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HDFS 1610 TEST ONE STUDY GUIDE (chapters 1-3)

by: Sydney Mills

HDFS 1610 TEST ONE STUDY GUIDE (chapters 1-3) H_D_FS 1610 - 01

Marketplace > University of Missouri - Columbia > Human Development > H_D_FS 1610 - 01 > HDFS 1610 TEST ONE STUDY GUIDE chapters 1 3
Sydney Mills
Intimate Relationships and Marriage
Ashton Chapman

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Important info for the first intimate relationships and marriage exam! :)
Intimate Relationships and Marriage
Ashton Chapman
Study Guide
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This 14 page Study Guide was uploaded by Sydney Mills on Sunday September 13, 2015. The Study Guide belongs to H_D_FS 1610 - 01 at University of Missouri - Columbia taught by Ashton Chapman in Fall 2015. Since its upload, it has received 223 views. For similar materials see Intimate Relationships and Marriage in Human Development at University of Missouri - Columbia.

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Date Created: 09/13/15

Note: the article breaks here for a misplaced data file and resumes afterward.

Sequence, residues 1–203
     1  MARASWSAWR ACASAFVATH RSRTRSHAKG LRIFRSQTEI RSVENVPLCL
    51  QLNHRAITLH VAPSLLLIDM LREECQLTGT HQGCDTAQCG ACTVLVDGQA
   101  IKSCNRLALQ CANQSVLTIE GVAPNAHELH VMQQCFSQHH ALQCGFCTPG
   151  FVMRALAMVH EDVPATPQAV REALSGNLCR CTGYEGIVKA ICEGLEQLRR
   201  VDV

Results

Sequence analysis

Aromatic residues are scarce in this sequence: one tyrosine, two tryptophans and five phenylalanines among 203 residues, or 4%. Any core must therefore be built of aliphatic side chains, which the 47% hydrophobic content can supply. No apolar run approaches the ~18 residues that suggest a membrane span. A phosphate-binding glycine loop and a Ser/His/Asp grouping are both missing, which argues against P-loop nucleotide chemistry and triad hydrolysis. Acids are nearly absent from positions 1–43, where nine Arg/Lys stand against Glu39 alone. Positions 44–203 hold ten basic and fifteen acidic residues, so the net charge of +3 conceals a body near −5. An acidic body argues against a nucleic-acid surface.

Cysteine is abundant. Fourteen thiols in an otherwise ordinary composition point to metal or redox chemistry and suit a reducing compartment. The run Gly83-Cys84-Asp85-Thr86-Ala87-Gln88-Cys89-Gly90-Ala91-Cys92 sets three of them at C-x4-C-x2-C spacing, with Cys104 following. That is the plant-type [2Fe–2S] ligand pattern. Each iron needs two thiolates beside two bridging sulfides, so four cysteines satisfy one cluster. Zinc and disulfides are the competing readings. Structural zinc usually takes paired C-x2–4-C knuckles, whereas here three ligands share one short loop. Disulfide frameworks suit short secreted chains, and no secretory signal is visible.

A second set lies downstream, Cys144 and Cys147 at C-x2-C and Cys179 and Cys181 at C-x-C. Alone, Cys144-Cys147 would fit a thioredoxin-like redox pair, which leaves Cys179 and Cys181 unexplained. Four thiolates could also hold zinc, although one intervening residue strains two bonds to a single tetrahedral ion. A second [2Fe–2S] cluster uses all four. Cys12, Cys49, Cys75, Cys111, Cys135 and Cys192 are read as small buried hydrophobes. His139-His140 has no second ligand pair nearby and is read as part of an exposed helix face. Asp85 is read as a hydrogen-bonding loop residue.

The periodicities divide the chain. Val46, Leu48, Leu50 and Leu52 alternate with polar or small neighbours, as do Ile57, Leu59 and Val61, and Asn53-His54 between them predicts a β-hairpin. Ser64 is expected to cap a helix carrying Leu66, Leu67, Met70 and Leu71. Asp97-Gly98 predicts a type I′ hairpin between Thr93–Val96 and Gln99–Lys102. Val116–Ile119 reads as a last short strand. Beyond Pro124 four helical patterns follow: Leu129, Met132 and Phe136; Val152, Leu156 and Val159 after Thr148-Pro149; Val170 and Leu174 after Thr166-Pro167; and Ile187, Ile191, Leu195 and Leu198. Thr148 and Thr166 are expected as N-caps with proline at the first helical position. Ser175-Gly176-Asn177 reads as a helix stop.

HDFS other 1610 chapters 13 study guide 09142015 Chapter 1 what is an intimate relationship Characteristics of an intimate relationship Interdependence Consider each other special and unique In uence each other Mutual sexual passion Interdependence them mutual in uence two people have over each Ex if one person moves away the other might consider it Interdependence must work in bot h directions or bidirectionally Interdependence is necessary condition for intimacy Necessary but not suf cient Interpersonal vs personal Interpersonal formal and task oriented Personal relatively informal and engage us at a deeper emotional eve Intimate relationships occur not just between two interdependent people but two people who treat one another as unique individuals From personal relationships to close relationships Not all personal relationships are intimate ones Close relationship quali es interdependent and personal relationships further We understand closeness by strength and diversity of the in uences that partners have over one another From close relationships to intimate relationships An intimate relationship is close where closeness is understood to mean strong frequent and diverse forms of mutual in uence Importance of intimate relationships Basic feature of who we are as human beings This capacity for intimacy contributes to our ability to regulate our emotions and adapt to the world in which we live Consequences Determine the survival of our species Expand our range of emotional experience survival of our species product of natural selection led to advanced tness biological systems within out body respond in systematic ways to what is happening in our intimate relationships universal human experience Pair Bonds relationship between two people who have some degree of emotional and or practical investment in one another with often the purpose of reproduction motivated by love and mutual attraction Cohabitation living together without being married Experience of love differs across cultures Young adults in America and china identify the same basic emotions and categorize positive and negative emotions the same way except in the case of love Americans positive with mutual happiness Chinese negatively tinged with unrequited feelings Child birth patterns are changing since marriage is no longer viewed as a prerequisite for becoming a parent 16 children were born with unmarried parents in 1982 now 13 children are born with unmarried parents intimate relationships expand our range of emotional experience passionate love marked more by infatuation intense preoccupation with the partner strong sexual longing throes of ecstasy and feelings of hilaration that come from being reunited with the partner companionate love potent feelings diminished but are enriched by feelings of attachment an authentic and enduring bond a sense of mutual commitment the profound knowledge that you are caring for another person who is in turn caring for you feeling proud of a mates accomplishments and the satisfaction that comes from sharing goals and perspectives relationships on mental health subjective well being how happy we are generally in life linked between various aspects of our intimate relationships relationship status relates to subjective well being relationship quality how well they judge their relationship to be relationship transitions movement into and our of partnerships another way that intimate relationships are linked with subjective well being selection effect when groups of people differmarried and unmarried people not because of something special about the groups they are in but because of the people who choose to enter those groups people who are happier are more likely to marry than to stay single protection effects something about the experience itself produces protective bene ts or advantages goo relationships bene t mental health comes from studies of couples therapy and unhappy couples can be randomly assigned to experiences designed to improve relationships people who are in good relationships have more money more sex and better health and that they are thus happier with their lives 7 essential attributes of love desire wanting to be united with the partner physically and emotionally idealization believing the partner is unique and special joy experience very strong positive emotions preoccupation thinking a lot about the partner and having little control over when these thoughts occur proximity taking steps to maintain to restore physical closeness emotional contact with the partner prioritizing giving the relationship more importance than other interests and responsibilities caring experiencing and expressing feelings of empathy and compassion for the partner correation with sex life and happiness social control theory link between intimate relationships and the broader social impact of individuals actions social relationships organize and regulate how individuals behave such that fewer weaker or poorer relationships increase the occurrence of deviant behavior effect occurs because relationships encourage individuals to internalize and abide by societal norms in part because people incur personal costs and sanctions when these norms are violated when relationships dissolve the accumulated costs to society are high main points six key reasons support the contention that intimate relationships are an important and even essential topic of study intimate relationships re ect and evolved and therefore biological capacity to nurture others they are universal across all known cultures intimate relationships expand our repertoire of emotional experiences in positive and negative emotions they can affect the physical and emotional health of relationship partners intimate relationships can in uence the physical and emotional well being of children they can affect society at large by discouraging crime and promoting conformity to social norms intimate relationships are fundamental to who we are as humans and pervasive in their effects and those around us Chapter 2 Tools of relationship science Asking and answering questions Relationship science is essentially a set of tools for answering these queonns Primary tool for evaluating competing claims to the truth scienti c method Set of procedures for making predictions gathering data and comparing the validity of competing claims about the world Three kinds of questions Focuses on descriptions What happens Focuses on predictions When does it happen Focuses on explanation Why does it happen Predicting whether a relationship will stay happy is not the same thing as understanding why relationships deteriorate or remain satisfying Theories and hypotheses Identifying the possible answers to be evaluated requires a theory Or general explanation of a phenomenon Elements of a theory are often referred to as variables because scientists tend to theorize about aspects of the world that vary across individuals or across time One measure of a good theory is that it is falsi able Suggests testable predictions that can be con rmed or discon rmed through systematic observation Consider theory that intimate relationships work out if two people are destined to be together No conceivable observation would be able to falsify this theory If two people stay together theory explains that they were indeed destine to do so And if the same two people break up the theory explains that they were not What makes hypotheses useful Can be con rmed or discon rmed through systematic observations are falsi able Scienti c method requires replication Repetition of research that examines the same questions multiple times Choosing a measurement strategy One difference between theories in the social sciences and theories in physical sciences Central to thinking are known as psychological constructs Love lacks measurable physical attributes This step of the scienti c method is operationalization Translation of an abstract construct into concrete terms in order to test predictions about that construct Construct validity Describe how well an operationalization represents a particular construct Self report measures Self repots from partners their own descriptions and evaluations of their experiences are the most commonly used source data in research on intimate relationships Simplest type of self report is a direct question People vary in their willingness to contemplate sec outside the context of a committed intimate relationship Sociosexuality Positive phrased questions tend to bring to mind positive aspects of the relationship thus leading to more positive responses Same with negative phrased questions Self reports can be problematic because the kinds of answers people provide People cannot describe what they do not remember Self reports about behavior may be unreliable People cannot provide meaningful answers if they misunderstand the queonns Social desirability effect the possibility that research participants are giving answer they think will make them look god to researchers rather than describing what they actually know Observational measures gather data about relationship events without having to ask the people who are experiencing the events Researcher must decide who will do the observing Partners general feelings about the relationship frequently overwhelm their perceptions of speci c aspect of the relationship a process called the sentiment override Relies on observers who are completely independent of the relationship such strained assistants to avoid sentiment override Must decide what to observe Physiological responses body s involuntary reactions to experiences Where to do the observing Researchers who use home based observation hope couples will act more naturally in their own environments and their observes behaviors really will represent what they do when not being observes Laboratory based observation eliminates any outside factors that may alter couples behavior while they are at home but it also removes couples from the environment where their behaviors usually take place Reliability the extend to which different observers agree that a specifies behavior has or has not occurred When used appropriately observations directly assess behaviors of great interest to relationship research Avoid some speci c problems associated with self reports of behavior Possibility of reactivity sometimes the act of observing someone changes the behavior being observed Which measurement strategy is best Best research adopts a multiple method approach operationalizing the constructs of interest in different ways so the limitations of each measurement strategy will eventually cancel each other out thereby the effect the researcher is most focused on emerge clearly Designing the study Correlational research study to study naturally occurring associations among variables aimed primarily at answering descriptive questions Each of these questions asks how differences in one variable may be associated with differences in another variable Valuable for studying variables that cannot be manipulated or studied in other ways Correlational data can support only certain kinds of conclusions Correlational data cannot be used to support statements about causation the idea that on event or circumstance is the direct result of another Correlation does NOT equal causation 1 X may cause y 2 Y may cause x 3both x and y may be the result of some other cause their signi cant correlation may be entirely the result of an unmeasured third variable Cross Sectional Data data that has been collected from individuals at one assessment the data describe a cross section or a snapshot of a single moment Longitudinal Research address two kinds of questions descriptions and prediction Daily Diary Approach asks people to ll out a questionnaire every day at about the same time Experience sampling gathering data from people throughout the day literally sampling from the totality of their daily experiences Longitudinal is the most direct and appropriate approach Attribution bias bias caused by participants dropping out leading to a nal sample that differs from the initial sample in important ways Experimental research more active role by manipulating one element of a phenomenon to determine its effects on the rest of the phenomenon 4 elements to an experiment dependent variable independent variable control random assignment enables researchers to move beyond description and prediction to address explanatory questions about intimate relationships External validity whether the results of an experiment apply in other s ua ons Archival research researcher examines existing data that have already been gathered usually for an unrelated purpose by someone else Content analysis coding their materials in such a way that they can quantify difference between units Representative samples samples consisting of people who are demonstrably similar to the population to which the researchers would like to generalize Convenience samples recruited solely because they are easy to nd Statistical Analysis To determine the probability of obtaining a particular result given a particular set of conditions Statistically signi cant effects effect large enough to occur less than 5 of the time if the null hypothesis were true Metaanalysis set of statistical techniques speci cally designed to combine results across studies and reveal the overall effects observed by a body of scienti c research Ethical Issues Con dentiality Anonymity Informed consent Chapter 3 theoretical frameworks Psychoanalysis theory that rst distinguished between the conscious and unconscious mind Radical behaviorism the idea that behaviors are shaped by their consequences and that positive consequences make behaviors more likely and negative consequences make them less likely Intimate relationships have problems when partners begin to play out with each other their unresolved issues and con icts with their parents Freud Drive us to exist primarily in the present environment not the past Successful relationships depend on the extent to which pleasuring behaviors are rewarded and encouraged and displeasing behaviors are extinguished through negative reinforcement skinner Evolutionary perspective Begins by nothing that human beings like any other species must reproduce in order to pass their genes to the next generation Evolutionary psychology assumes that in the mind like any other organ in the body evolved in response to speci c selection pressures that led some preferences and capacities to be associated with more successful reproduction and other preferences and capacities to be associated with less successful reproduction Feature of an organism can be adaptive for either of two reasons Because it increases an organisms chances of successfully reproducing by helping the organism compete for or attract males Increase organism chances of survival Sexual selection adaptive feature even if it has nothing to do with survival or even if it impedes survival Psychological mechanisms preferences capacities responses and strategies characterizing our species The desire for sex is a psychological mechanism and an exceptionally useful one for prompting reproduction but for most people this desire is highly responsive for cues in the environment Environment evolutionary adeptness or the period tens of thousands of years ago during which the human species took its current form Theory of parental investment sexual selection presumes tend to be based on the amount of energy and resources each sex must invest to raise surviving offspring Predicts that to solve the problem females should be selective about mates and chose only high quality partners Attachment theory proposed that the intimate relationships we form in our adult lives are shaped largely by the nature bonds we form with our primary caregivers in infancy and early childhood Attachment gure someone who provides a child with comfort and care Attachment behavior system set of behaviors and reactions that helps ensure that developing child s survival by keeping the child in close physical contact with caregivers Felt security makes the child feel safe and sheltered from impending threat or harm Attachment behavior prompts the child to evaluate whether it is possible to restore closeness with the caregiver working models can be thought of as internal psychological structures representing the conscious and unconscious beliefs explanations and feelings people have about themselves about others and about relationships Social Exchange Theory Partners in all social interactions try to maximize their outcomes through the exchange of social goods like status approval and information Predicts what people will do in any given situation and how they will feel about the outcomes of their actions Focus on two individuals only in research Dyad Interdependence theory extent to which behaviors of each partner affect the outcomes of the other People evaluate and make decisions about relationships the same way they approach economic decisions by analyzing the rewards and costs Rewards bene ts Costs consequences Material rewards food and protection Social rewards companionship validation security Opportunity costs costs associated with no pursuing other possible sources of a reward Outcome rewards costs If the rewards you are receiving from the relationship are greater than what it is costing you to remain in the relationship then the outcome is positive Subjective probability your own sense about the likelihood of a particular reward or cost Comparison level partners compare their perceived outcomes to a certain standard Satisfaction in a relationship is not merely the result of experiencing positive outcomes but of experiencing outcomes exceeding the level we think we deserve Social exchange theory predicts that such an individual must have a high comparison level so high that the outcomes that might be satisfying to other people are no positive enough to satisfy this person Satisfaction outcome comparison level Dependence how free a person feels to leave the relationships Comparison level for alternatives function of how the relationship compares to the available alternatives outside of the relationship Dependency outcome comparison level for alternatives Alternatives all of the likely consequences of leaving a relationship Barriers all the forces external to a relationship that act to keep partners together Investments number and magnitude of resources that are tied to a relationship Children a shared home and even the time spent in a relationship are all investments that may be lost or threatened when a relationship ends External forces keeping couples together become noticeable only when the partners are considering leaving the relationship In satisfying relationships partners generally focus on love and companionship as the reasons they remain together Commitment intention to remain in and feel connected to a relationship Partners who perceive fewer comparable alternatives to their current relationships prove signi cantly more likely to remain together Social learning theory In terms of the behaviors partners exchange during their interactions with each other Ongoing exchange of behaviors between partners is the essence of any interpersonal relationship Partners learn from their experiences in each interaction about the quality of their relationship Coercion theory if people get a response from their partner after engaging in a particular behavior ex yelling to get their partner s attention they will continue to engage in that behavior Escape conditioning behaviors reinforced if they lead to the end of an aversive or painful stimulus Even if behaviors are rewarded in the short term they can be very dangerous in the long term outcome Social ecological models how the stresses supports and constraints in the environment of a couple may affect the way partners think feel and act in relationships range of approaches emphasizing the interplay between people and their environments microsystem couples family and friends mesosystem contains the neighborhood social system and culture in which the relationship takes place macrosystem national and historical forces affecting the relationships ABCX model A stressor B resources C interpretation of the events i I ch ExistingE m Eli251mg Een t i mll ram u reeks JE z Fla5w rates I A r m v39lr i 1 Swing i I Amarillo a i i V39Jerisis ENE51m 739 3 File Lip 7 l I 39 quot I E h il 1 M al aelaugafalu n pm mm it n P r pil n i a I l of na b Fran Erisis 1 Foal Erissi time I h I irrile h nature of the stressor the couples level of resources and their interpretation of the event lead to Xcrisis or the couples experience of and response to the stressful event double ABCX model revision suggesting that each element has an initial meaning that emerges over time stress pile up one stressful event leading to another life span studies assess individuals repeatedly over the course of 50 years or more Themes in theories of intimate relationships Dyadic interaction interaction bw two people is the heart of any relationship then any general understanding of intimate relationships must take the way partners behave and respond to each other into account Individual difference partners do not enter their relationships as blank slates Bring the sum od all their previous experiences in the form of each partners personality values history ethnicity culture and socioeconomic status External circumstances relationships are affected not only by what goes on within them but by the external circumstances around them Including social physical cultural and historical forces